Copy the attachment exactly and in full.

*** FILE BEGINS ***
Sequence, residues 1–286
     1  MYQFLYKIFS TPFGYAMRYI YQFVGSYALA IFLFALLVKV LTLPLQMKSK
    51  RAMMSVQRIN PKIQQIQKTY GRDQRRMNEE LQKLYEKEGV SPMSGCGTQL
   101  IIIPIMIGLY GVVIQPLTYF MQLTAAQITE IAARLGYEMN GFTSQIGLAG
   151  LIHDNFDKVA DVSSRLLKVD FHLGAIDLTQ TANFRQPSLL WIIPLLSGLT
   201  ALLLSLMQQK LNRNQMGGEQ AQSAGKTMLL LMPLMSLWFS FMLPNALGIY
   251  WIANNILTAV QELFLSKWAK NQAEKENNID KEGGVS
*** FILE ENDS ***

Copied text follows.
Sequence, residues 1–286
     1  MYQFLYKIFS TPFGYAMRYI YQFVGSYALA IFLFALLVKV LTLPLQMKSK
    51  RAMMSVQRIN PKIQQIQKTY GRDQRRMNEE LQKLYEKEGV SPMSGCGTQL
   101  IIIPIMIGLY GVVIQPLTYF MQLTAAQITE IAARLGYEMN GFTSQIGLAG
   151  LIHDNFDKVA DVSSRLLKVD FHLGAIDLTQ TANFRQPSLL WIIPLLSGLT
   201  ALLLSLMQQK LNRNQMGGEQ AQSAGKTMLL LMPLMSLWFS FMLPNALGIY
   251  WIANNILTAV QELFLSKWAK NQAEKENNID KEGGVS